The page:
“I bring a little bit of the real physical place to the illusion so people get a sense of what the earth looks like; the feel that it’s a wet environment because of how I adorn the frames,” he said. “Making that real physical connection with the place, at least for me personally, and then bringing it to folks to be able to see, is [so] meaningful.”

Louisiana’s natural environment also plays a central role in the themes of his paintings. Mayers is acutely aware of the effects of climate change on Louisiana’s environment: the places where his ancestors lived are changing drastically as sea level rises. “We don’t know exactly how things are going to be built down here in the next hundred years. Some of the places that I’ve been to could be underwater by the time I’m my grandfather’s age.”

So his work is like a time capsule, a sarcophagus. “It’s a painted illusion of the place, but then, all these creatures inhabit this space,” he described. ”These creatures are sometimes metaphors for humans and what we’ve done to the environment. Sometimes they become new myths and legends for people who protect the environment. They’re all different stories.”

City skyline with large monster peeking from skyscraper

Jonathan Mayers. Bobogri a Bulbancha. Acrylic. Courtesy of the artist and Arthur Roger Gallery.

During the COVID-19 pandemic, he started writing more, beyond “the micro stories and prose poetry” that had accompanied his paintings, and ideas for a book began to take shape. At the end of 2020 he put out a call for submissions for a new book of poetry written in Kouri-Vini and received many of responses – and FÉVI was born.

“In this new book, it ranges from people who have been reading and writing and speaking it for quite some time to people who are just learning so it’s kind of a nod to the cultural and linguistic activism of the community of people who have been learning it.”

“One of the goals is to show that our language is still here. It’s still living. We’re still here and still living and breathing and creating and continuing a language that even 100 years ago was thought to be dying, soon lost.”

As Baton Rouge poet laureate he is pushing for the community to continue or begin writing about their experiences. As a language activist, he encourages people if they are interested in learning more about language and culture, to pursue studying it further.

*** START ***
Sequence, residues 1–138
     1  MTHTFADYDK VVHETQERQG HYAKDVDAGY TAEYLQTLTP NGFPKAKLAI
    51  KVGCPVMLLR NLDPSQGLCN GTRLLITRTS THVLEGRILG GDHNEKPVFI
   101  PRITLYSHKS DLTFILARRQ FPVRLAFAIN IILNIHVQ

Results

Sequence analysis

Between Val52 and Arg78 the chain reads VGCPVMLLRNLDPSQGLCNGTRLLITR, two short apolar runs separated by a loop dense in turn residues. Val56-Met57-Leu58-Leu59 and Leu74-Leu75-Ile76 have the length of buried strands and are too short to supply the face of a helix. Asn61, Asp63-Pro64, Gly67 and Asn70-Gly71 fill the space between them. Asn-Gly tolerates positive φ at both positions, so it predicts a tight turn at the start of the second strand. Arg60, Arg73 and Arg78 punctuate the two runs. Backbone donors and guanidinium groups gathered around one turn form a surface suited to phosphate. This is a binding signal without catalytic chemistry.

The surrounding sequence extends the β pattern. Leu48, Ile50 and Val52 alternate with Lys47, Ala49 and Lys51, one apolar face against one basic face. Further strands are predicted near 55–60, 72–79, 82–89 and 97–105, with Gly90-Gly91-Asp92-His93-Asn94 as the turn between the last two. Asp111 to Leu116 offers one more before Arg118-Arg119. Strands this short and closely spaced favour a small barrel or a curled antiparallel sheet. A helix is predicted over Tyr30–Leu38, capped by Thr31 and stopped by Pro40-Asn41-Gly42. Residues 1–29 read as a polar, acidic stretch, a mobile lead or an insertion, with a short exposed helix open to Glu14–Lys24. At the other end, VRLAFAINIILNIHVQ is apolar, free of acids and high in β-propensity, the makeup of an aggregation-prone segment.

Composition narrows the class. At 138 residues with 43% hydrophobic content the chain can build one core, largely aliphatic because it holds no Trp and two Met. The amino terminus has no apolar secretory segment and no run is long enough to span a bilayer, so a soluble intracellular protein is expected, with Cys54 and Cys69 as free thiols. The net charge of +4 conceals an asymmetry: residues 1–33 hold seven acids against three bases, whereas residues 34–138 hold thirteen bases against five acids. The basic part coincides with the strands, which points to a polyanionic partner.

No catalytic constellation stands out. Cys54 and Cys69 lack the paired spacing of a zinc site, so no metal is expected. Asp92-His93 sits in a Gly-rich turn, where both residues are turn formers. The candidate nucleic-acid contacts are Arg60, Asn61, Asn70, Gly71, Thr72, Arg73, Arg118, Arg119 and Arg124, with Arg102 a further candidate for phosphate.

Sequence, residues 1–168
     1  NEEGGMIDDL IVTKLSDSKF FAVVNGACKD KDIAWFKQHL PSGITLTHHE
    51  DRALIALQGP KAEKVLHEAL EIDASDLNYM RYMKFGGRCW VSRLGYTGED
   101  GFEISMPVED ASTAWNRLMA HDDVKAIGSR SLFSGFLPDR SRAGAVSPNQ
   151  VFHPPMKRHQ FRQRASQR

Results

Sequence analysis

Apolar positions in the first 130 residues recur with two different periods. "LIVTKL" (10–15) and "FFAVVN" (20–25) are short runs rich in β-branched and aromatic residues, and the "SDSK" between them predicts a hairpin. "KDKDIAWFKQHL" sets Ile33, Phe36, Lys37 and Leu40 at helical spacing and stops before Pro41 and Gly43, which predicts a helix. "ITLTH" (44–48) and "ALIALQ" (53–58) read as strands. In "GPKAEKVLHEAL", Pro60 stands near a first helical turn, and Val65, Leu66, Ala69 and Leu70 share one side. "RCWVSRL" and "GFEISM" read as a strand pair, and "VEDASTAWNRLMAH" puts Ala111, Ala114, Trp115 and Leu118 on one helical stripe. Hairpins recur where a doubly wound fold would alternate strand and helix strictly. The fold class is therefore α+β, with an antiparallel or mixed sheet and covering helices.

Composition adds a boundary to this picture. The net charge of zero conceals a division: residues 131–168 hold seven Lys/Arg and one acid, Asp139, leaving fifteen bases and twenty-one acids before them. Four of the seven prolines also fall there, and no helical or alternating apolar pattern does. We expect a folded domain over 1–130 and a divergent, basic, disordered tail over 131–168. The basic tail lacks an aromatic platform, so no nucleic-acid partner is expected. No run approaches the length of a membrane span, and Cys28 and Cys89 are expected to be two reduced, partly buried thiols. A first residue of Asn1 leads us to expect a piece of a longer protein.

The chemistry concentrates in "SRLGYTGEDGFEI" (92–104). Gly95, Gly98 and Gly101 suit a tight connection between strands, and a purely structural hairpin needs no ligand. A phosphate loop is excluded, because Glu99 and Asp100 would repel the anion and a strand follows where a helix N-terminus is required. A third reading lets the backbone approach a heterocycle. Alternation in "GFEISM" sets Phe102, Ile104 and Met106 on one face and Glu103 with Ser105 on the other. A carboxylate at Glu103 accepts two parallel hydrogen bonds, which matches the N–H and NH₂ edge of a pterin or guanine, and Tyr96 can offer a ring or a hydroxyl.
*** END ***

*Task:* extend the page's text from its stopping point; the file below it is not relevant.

Mayers has been working with Henry Johnson, current LSU Art & Design student, to start a Louisiana Creole club at the university to connect students interested in learning about  Louisiana’s cultural heritage. “What I’m trying to do is teach people, whether Creole or just someone interested in cultures, mainly the Louisiana Creole language, but also its history and development, music, food, really just trying to hit everything that makes the culture as beautiful and vibrant as it is,” Johnson said.

“I wanted to do this because I feel for people looking for the culture whether for familial or just educational purposes; you can’t really find much on your own without knowing what exactly to search for because the Louisiana Creole language as we know it has been endangered for a while for a long list of reasons and when you do try and search for things on it, it’s overshadowed by the idea of everything being ‘Cajun,'” he said. “When I came I noticed LSU, despite their motto of trying to exhibit Louisiana cultures, only had a course for Louisiana French. So I decided I wanted to fill that void to give people like me, and many other Creoles interested in knowing more about their heritage, a place.”

Mayers hopes that LSU students, now and in the future, find their places. For aspiring artists, Mayers offers the advice that was given to him as a young artist by Carrie Ann Baade, this year’s guest juror for Baton Rouge Gallery’s Surreal Salon 14: consider “what will your retrospective look like in 30 or 40 years? Reflect on it and start making the work that you want to see in 30 years.”

“If you come from a culture that is being muted, or if you as an individual are being muted in some form or fashion, use that in your work. Infuse that in your work, because your work is also going to become part of your culture.”


Mayers’ personal website:

Instagram: @feral_opossum

Twitter: @jonathanmayers


Learn more about Kouri-Vini, the endangered Creole language of Louisiana: